- File Size: 104 KB
- Print Length: 38 pages
- Simultaneous Device Usage: Unlimited
- Publication Date: May 16, 2012
- Sold by: Amazon Digital Services LLC
- Language: English
- ASIN: B0083ZWTX0
- Text-to-Speech: Enabled
- Word Wise: Not Enabled
- Lending: Enabled
- Amazon Best Sellers Rank: #8,694 Free in Kindle Store (See Top 100 Free in Kindle Store)
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Simple Sabotage Field Manual Kindle Edition
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Top Customer Reviews
So you cheapwads out there like myself... it's short and fun, if you're in the mood. It appears to be a WWII-vintage text, pre-D-Day, very likely written for a UK-educated citizens (the use of the word "charwoman" was my clue). It's a kind of generalized "how-to" manual for sabotage of enemy infrastructure, general enough to be applicable almost anywhere/when, but with enough specifics to be useful (for example, sugar will wreck an internal combustion engine, but honey and molasses work too).
Particularly intriguing to me weren't the technical suggestions (those were good too), but the social ones. Throughout the work, the would-be saboteur is encouraged to slack invisibly wherever possible, to make use of things like deliberate poor maintenance and insisting on micromanagement. Especially funny was the part advising workers to form and/or join as many committees as possible, as they present great opportunities to use bureaucracy against itself.
For all you younger people who are worried about future job prospects and such, I'd avoid getting this book as it might cause the FBI to think that you're an incipient terrorist. For the rest of you, this is a guide to relatively safe things that a subject populace can do sabotage an occupying force. It was published during WWII by the US Office of Strategic Services (the OSS, the forerunner of the CIA).
In fact, reading the section on "Specific Suggestions for Simple Sabatage" included creating havoc for the occupiers such as setting fires to buildings using materials already found there-piles of oily rags, fuel storage tanks, etc.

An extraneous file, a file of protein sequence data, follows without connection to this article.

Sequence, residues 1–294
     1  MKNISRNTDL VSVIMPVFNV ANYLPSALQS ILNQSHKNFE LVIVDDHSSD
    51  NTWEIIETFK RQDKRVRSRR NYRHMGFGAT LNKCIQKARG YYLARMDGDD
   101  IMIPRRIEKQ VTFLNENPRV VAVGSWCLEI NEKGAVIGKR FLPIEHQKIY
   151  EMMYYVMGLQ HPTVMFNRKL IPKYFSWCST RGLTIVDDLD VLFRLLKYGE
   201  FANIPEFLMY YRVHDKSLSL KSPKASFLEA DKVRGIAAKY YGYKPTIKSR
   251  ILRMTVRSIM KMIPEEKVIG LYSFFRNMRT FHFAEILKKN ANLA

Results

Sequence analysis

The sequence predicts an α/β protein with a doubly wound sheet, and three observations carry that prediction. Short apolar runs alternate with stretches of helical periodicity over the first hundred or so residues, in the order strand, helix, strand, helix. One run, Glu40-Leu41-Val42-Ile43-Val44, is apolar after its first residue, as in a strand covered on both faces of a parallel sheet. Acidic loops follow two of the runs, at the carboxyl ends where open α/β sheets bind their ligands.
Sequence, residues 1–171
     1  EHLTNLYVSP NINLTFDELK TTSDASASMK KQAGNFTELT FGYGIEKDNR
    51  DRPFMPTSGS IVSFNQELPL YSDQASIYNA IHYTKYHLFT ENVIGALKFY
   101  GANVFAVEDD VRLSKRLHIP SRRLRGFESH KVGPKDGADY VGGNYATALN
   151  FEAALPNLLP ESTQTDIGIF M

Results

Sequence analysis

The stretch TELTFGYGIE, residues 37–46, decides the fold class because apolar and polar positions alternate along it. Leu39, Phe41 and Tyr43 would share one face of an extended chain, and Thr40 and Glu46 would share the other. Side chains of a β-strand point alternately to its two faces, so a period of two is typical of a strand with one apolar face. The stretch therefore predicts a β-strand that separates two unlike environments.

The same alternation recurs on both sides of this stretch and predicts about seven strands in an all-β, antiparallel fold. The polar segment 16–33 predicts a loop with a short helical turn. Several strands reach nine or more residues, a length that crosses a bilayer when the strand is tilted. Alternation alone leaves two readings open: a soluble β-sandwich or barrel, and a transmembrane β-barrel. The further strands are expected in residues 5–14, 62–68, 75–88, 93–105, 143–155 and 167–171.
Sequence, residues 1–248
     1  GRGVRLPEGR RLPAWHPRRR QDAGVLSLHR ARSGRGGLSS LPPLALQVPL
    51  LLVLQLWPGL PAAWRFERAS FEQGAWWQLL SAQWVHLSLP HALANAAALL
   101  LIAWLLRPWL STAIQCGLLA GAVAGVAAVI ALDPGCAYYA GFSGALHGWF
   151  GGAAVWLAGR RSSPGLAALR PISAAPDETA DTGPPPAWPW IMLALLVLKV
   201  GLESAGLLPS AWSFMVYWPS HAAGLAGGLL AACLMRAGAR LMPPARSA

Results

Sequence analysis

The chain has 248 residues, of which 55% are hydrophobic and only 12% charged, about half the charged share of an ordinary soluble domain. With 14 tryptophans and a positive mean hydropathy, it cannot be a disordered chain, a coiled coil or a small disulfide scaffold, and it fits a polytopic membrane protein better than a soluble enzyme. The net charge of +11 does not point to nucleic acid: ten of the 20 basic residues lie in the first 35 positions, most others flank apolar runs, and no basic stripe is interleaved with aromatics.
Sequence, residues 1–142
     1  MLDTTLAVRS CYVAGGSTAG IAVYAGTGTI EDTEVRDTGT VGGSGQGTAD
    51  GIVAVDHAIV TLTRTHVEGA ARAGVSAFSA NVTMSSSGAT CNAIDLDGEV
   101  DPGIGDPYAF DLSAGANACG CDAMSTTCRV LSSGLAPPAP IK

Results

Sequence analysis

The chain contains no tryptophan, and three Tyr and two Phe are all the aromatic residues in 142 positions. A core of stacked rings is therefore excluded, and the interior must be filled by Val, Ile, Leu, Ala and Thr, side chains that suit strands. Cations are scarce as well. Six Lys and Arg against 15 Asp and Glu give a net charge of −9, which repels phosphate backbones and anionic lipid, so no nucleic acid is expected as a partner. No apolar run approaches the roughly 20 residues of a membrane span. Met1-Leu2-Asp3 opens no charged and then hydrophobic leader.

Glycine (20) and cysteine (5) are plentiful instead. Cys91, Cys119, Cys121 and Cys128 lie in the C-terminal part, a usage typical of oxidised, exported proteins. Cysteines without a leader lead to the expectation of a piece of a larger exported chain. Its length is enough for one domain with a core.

It was the section on interfering in the workplace that got my attention. Some of the tactics include running all new ideas "through the channels," making long-winded speeches at every meeting, haggling over precise wording in meeting minutes, demanding written orders from supervisors and "misunderstanding" directions. Then it occurred to me that my fellow workers must be hardened preppers and survivalists who believe the end really is near.
Except for the references to dated technology and lack of helpful Sabatage hints for the latest technology- like computers and networks (it was written 70 years ago after all)- this is a great book to get your thinker started, just in case.
Most Recent Customer Reviews
Seems like some of the stuff that happened in high school to me?Published 29 days ago by Amazon Customer
I learned a lot. Like looking back into history. If you're into this kind of a deal as much as I am, go for it!Published 1 month ago by Amazon Customer
It's a nice historical piece, but not much of it would be useful on a practical level unless you live in an occupied nation... in the early to mid 20th century.Published 1 month ago by Amazon Customer
Where do these titles come from on my list. I delete and it c comes backPublished 2 months ago by Steve L.
Just read this book, written by our government in the 40's, filled with dozens of ideas for Simple Sabotage.Published 2 months ago by Jay
Oldie but a goodie. Written in WWII for the clandestine services it gives simple instructions for causing problems to the Nazi state.Published 2 months ago by Sanddog Sailor
Awesome book, best are sections on office work. Seems like a recipe for everyday life in any bureaucracy.Published 2 months ago by Amazon Customer